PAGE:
Researchers want to build a spaceline to Moon


28 Aug 2019

Cable from Earth to Moon? It can change space travel

You may have heard about the concept of space-elevator, a literal lift capable of taking Earthlings into orbit.

The idea sounds pretty interesting, but the fact is, there's no technology available to actually make a system like that.

That's why some scientists have now used the same concept to come up with another wacky space-travel solution: a 'spaceline' to Moon.

Here's all about it.


Spaceline: A cable linking Earth to Moon

Spaceline: A cable linking Earth to Moon

The future of space travel, including missions to Mars and beyond, relies on reaching orbit safely and traveling further.

The process revolves around using rockets but researchers from Columbia University and Cambridge University think that the cost of this could be reduced if astronauts employ the concept of 'spaceline' - a unique cable linking Earth to the Moon.


How this spaceline would carry astronauts to space?

The idea of spaceline is similar to space elevator, but in this case, the cable won't come all the way down to Earth.

It would tether to the surface of Moon and hang down into Earth's geostationary orbit like a plumb bob.

This way, astronauts would be able to reach geostationary orbit, latch on the cable, and complete the rest of the journey.

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A solar-powered shuttle would wait for astronauts' craft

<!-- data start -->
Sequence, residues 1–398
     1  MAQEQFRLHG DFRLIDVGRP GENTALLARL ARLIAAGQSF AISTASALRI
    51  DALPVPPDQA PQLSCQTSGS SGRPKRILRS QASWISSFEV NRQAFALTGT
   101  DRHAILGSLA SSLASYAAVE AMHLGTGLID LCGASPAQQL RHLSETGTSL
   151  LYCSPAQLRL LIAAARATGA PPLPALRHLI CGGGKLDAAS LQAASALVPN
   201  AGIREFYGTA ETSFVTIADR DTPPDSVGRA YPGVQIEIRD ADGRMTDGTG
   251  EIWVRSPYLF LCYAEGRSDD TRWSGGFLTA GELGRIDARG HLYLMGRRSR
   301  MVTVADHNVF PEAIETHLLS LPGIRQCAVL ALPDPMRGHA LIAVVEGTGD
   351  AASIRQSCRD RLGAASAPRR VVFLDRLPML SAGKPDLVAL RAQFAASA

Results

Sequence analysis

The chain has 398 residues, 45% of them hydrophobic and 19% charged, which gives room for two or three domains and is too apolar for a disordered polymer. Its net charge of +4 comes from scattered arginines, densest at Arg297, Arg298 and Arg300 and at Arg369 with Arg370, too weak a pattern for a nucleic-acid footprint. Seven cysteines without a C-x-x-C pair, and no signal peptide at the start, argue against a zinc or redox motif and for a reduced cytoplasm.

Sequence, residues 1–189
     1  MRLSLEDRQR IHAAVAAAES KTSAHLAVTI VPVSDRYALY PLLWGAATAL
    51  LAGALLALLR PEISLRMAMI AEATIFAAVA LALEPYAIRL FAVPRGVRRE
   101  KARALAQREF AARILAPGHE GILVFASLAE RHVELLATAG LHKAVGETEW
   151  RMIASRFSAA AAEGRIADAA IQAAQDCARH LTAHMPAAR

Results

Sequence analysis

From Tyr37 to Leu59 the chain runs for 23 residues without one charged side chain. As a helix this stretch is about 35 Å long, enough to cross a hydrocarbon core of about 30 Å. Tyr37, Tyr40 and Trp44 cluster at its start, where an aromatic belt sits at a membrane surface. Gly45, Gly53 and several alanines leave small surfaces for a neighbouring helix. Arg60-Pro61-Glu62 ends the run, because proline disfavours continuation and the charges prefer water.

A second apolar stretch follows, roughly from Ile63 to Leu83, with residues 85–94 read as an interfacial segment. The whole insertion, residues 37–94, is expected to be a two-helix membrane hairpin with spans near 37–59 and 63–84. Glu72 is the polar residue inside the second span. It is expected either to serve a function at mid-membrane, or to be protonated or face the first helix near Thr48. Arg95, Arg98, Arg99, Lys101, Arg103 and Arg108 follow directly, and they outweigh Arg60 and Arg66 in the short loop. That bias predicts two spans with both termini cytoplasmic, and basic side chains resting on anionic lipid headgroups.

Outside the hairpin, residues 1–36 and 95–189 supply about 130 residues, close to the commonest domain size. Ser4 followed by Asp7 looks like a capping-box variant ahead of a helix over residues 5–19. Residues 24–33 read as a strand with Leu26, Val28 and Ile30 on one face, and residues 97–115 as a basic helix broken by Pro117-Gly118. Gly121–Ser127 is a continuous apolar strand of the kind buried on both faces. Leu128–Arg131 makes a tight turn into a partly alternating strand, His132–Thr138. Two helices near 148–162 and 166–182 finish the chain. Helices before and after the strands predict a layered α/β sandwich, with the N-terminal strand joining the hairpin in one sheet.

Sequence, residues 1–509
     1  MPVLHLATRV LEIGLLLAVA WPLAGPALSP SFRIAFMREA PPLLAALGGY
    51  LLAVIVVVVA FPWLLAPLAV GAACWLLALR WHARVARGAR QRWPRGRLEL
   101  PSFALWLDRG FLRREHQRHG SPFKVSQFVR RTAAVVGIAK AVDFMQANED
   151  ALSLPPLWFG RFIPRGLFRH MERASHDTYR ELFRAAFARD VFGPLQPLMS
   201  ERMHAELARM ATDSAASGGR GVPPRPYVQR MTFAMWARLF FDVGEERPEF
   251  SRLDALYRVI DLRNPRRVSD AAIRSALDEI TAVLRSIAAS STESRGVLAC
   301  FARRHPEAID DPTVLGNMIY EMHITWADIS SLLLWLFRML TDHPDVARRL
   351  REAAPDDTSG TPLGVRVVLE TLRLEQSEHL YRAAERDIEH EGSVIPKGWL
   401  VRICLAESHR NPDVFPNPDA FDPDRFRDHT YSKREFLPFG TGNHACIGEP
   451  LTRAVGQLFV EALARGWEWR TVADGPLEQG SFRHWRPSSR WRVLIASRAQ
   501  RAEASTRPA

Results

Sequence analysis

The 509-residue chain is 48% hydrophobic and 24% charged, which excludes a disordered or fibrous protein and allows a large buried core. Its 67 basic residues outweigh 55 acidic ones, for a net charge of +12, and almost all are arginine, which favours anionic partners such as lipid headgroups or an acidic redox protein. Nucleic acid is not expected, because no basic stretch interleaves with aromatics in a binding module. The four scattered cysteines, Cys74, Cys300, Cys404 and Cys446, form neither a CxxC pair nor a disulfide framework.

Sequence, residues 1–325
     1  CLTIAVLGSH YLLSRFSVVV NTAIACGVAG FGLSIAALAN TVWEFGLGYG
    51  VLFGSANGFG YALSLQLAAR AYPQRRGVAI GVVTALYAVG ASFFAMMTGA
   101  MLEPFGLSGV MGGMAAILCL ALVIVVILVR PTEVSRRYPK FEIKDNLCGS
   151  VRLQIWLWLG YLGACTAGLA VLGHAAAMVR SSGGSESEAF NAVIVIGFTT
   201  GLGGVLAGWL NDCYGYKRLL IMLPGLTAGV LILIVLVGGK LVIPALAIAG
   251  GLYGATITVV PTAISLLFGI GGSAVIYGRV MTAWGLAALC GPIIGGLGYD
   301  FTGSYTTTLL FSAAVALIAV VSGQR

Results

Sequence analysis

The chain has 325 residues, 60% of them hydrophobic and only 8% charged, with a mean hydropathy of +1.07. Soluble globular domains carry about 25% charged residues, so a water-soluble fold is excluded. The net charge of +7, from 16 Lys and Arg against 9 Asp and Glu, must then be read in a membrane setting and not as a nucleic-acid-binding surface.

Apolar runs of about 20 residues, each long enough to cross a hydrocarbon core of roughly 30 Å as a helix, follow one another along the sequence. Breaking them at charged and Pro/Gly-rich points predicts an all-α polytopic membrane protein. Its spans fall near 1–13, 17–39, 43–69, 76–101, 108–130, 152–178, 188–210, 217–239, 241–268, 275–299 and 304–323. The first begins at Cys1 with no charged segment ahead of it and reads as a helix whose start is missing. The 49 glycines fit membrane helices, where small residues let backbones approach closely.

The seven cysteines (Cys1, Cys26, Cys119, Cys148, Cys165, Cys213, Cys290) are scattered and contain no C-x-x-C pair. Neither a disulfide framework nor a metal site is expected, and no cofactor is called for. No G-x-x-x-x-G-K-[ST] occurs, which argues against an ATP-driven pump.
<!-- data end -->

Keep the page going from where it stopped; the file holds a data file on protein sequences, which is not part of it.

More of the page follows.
In a paper detailing the idea, the researchers emphasize that the endpoint of spaceline (resting in orbit) would have a solar-power shuttle.

It would work as a platform, which astronauts' spacecraft would be able to hold for traveling further up along the length of the cable.

Importantly, this would limit rockets' use to just escaping Earth's gravity and atmosphere, and save launch costs significantly.


Existing materials allow spaceline construction

Existing materials allow spaceline construction

The researchers behind spaceline say the concept could largely prove useful in making deep space travel/settlements easier and several materials exist that are strong enough to bring it to life.

"The line becomes a piece of infrastructure," team member Zephyr Penoyre told Futurism, noting "the movement of people and supplies along it are much simpler and easier than the same journey in deep space."

However, the team would have some challenges to overcome

The idea of spaceline seems feasible but it's worth noting that the team hasn't factored the risk of space debris in its calculations. This poses a major threat and would have to be addressed if scientists ever go ahead with this or other related ideas.

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Cambridge University

Columbia University

Zephyr Penoyre

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